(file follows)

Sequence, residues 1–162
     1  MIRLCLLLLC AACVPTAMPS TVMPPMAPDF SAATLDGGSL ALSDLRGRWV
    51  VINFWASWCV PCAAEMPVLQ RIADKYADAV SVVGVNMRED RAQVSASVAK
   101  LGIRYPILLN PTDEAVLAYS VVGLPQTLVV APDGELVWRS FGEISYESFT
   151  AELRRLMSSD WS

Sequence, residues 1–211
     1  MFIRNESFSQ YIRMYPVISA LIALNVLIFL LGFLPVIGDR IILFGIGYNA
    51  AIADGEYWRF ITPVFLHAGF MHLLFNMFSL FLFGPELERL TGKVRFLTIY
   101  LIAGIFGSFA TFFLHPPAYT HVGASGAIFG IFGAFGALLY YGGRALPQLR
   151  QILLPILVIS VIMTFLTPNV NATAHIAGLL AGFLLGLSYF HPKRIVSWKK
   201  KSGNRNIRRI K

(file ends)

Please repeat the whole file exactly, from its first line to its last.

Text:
Sequence, residues 1–162
     1  MIRLCLLLLC AACVPTAMPS TVMPPMAPDF SAATLDGGSL ALSDLRGRWV
    51  VINFWASWCV PCAAEMPVLQ RIADKYADAV SVVGVNMRED RAQVSASVAK
   101  LGIRYPILLN PTDEAVLAYS VVGLPQTLVV APDGELVWRS FGEISYESFT
   151  AELRRLMSSD WS

Sequence, residues 1–211
     1  MFIRNESFSQ YIRMYPVISA LIALNVLIFL LGFLPVIGDR IILFGIGYNA
    51  AIADGEYWRF ITPVFLHAGF MHLLFNMFSL FLFGPELERL TGKVRFLTIY
   101  LIAGIFGSFA TFFLHPPAYT HVGASGAIFG IFGAFGALLY YGGRALPQLR
   151  QILLPILVIS VIMTFLTPNV NATAHIAGLL AGFLLGLSYF HPKRIVSWKK
   201  KSGNRNIRRI K